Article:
Late Monday afternoon. It had been a very busy day in the office, one of those days when one wished that Alexander Graham Bell, a Scot of some distinction, hadn’t bothered inventing the telephone. The damn contraption hadn’t stopped ringing all day…
Being a Monday the general mood of my colleagues and I was down in any case. It didn’t help that it was a typical July day in Edinburgh – damp, dreich and grey. It also didn’t help that, while I left the office early just after 4.00pm, the reason for this was a visit to the dentist to get a filling replaced. Ochone, ochone as Angus Og used to say.
I usually abort my attempt to board a tram at Bankhead any time after 5.00pm. I read in the news the other day that passenger numbers at Edinburgh Airport topped one million last year. I think they all get on the tram I try to get on after a hard day’s graft…
However on Monday, having left the office early for the dreaded trip to the dentist – you know the drill (get on with it – Ed) – I did manage to squeeze on to a tram. Not only that, but I managed to get a seat. I was seated next to a lovely lady and her two toddlers in a buggy made for two. We immediately began chatting – this, after one of said toddlers whacked me on the shin with his boot – and, after apologising for her youngster’s act of random violence (oh, don’t worry about it, the blood stain on my new suit will soon be removed with a spot of dry cleaning) her Australian accent told me she was in Scotland for the first time.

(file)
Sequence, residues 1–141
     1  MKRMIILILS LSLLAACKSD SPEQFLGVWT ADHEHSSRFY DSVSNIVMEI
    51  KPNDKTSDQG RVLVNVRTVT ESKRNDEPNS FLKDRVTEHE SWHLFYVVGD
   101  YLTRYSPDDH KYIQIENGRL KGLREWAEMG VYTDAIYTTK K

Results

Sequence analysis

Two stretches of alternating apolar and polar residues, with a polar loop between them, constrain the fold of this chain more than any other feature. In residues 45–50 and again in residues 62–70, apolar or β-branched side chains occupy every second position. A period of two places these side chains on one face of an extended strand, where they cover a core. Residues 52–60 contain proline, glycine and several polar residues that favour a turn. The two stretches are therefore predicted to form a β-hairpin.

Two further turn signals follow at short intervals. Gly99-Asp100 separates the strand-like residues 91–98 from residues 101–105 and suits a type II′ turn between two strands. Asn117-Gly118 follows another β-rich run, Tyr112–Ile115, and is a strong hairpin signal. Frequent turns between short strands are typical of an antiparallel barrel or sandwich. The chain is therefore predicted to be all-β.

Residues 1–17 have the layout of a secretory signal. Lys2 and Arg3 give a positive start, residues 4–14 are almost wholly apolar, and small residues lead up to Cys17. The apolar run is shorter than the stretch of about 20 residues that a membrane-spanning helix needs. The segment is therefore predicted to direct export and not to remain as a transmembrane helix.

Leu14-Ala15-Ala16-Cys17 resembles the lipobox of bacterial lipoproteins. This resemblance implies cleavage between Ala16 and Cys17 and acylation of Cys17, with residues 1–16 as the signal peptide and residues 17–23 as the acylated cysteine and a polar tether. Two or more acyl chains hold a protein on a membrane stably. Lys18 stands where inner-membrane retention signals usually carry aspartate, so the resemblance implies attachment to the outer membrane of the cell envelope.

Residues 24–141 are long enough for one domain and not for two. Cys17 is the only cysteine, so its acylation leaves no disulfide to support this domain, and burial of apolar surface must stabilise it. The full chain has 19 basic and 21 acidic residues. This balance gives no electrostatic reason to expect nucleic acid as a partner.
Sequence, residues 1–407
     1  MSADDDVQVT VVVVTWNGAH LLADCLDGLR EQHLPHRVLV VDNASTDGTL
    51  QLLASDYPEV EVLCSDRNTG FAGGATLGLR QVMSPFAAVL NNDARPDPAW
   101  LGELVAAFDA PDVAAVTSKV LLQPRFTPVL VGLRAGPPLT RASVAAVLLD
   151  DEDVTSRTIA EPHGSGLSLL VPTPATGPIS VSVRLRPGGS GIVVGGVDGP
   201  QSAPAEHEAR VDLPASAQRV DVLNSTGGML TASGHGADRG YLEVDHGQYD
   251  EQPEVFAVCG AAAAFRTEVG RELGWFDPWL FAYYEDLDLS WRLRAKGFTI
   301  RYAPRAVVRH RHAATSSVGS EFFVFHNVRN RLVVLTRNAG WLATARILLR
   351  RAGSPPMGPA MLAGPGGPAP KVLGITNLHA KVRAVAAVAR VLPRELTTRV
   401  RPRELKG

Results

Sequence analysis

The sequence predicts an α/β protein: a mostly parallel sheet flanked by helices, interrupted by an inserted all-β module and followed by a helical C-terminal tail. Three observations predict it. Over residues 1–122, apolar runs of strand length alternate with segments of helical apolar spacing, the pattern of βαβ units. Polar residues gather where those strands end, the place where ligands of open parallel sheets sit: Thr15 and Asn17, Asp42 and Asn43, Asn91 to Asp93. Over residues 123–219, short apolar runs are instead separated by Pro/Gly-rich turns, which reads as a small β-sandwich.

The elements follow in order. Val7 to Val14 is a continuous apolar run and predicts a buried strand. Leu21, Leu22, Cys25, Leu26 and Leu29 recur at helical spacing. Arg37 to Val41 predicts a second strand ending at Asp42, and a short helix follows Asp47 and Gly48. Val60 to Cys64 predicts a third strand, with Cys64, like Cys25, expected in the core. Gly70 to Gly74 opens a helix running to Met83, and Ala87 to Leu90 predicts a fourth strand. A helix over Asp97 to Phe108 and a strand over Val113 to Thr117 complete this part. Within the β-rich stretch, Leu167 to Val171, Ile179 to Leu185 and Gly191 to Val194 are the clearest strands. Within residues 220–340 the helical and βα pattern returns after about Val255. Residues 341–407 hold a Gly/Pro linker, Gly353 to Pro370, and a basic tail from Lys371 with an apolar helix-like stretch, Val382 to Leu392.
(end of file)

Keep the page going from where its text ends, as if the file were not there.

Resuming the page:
Now alongside the tourists and weary air travellers, the tram was full of grim-faced locals glad that the first day of the working week had been put to bed. However, this lovely lady from Perth – Western Australia that is, not Perth in Scotland – was a positive ray of sunshine. As the tram trundled through the streets of Scotland’s capital city, she was genuinely in awe of the city’s buildings, scenery and sheer beauty which many of we locals can take for granted.
She gasped delight as the tram snaked its way past Murrayfield Stadium and through the Haymarket. Most of us are usually gasping for breath rather than with delight by the time we reach the Haymarket as we empathise with how sardines must feel. But this delightful lady was clearly thrilled at being in Edinburgh and seeing some of its treasures. As the tram eventually headed on to Princes Street she gazed at Edinburgh Castle in astonishment and marvelled at the gardens and shops.
She told me how lucky I was to be living in such a beautiful and vibrant city. And do you know something? She is absolutely right. As she departed at St. Andrew’s Square she thanked me, although quite what for I wasn’t sure. It should have been me thanking her, not only for her charming company, but for making me feel so proud of Scotland’s magnificent capital.
Yes, Edinburgh has its faults just as every other city does. And the trams have become something of a routine for stand up comics (stand up being the words given how difficult it can be to get a seat on the damned things during rush-hour times) But it has always been – and always will be – a magnificent city. Majestic, beautiful, vibrant – just wondrous. It certainly thrilled this Australian visitor.
So if you’re heading to work tomorrow and contemplating another day of hard graft think, for a moment, about this incredible place. Scotland’s jewel in its crown. Edinburgh. A city to be immensely proud of.
I know I am.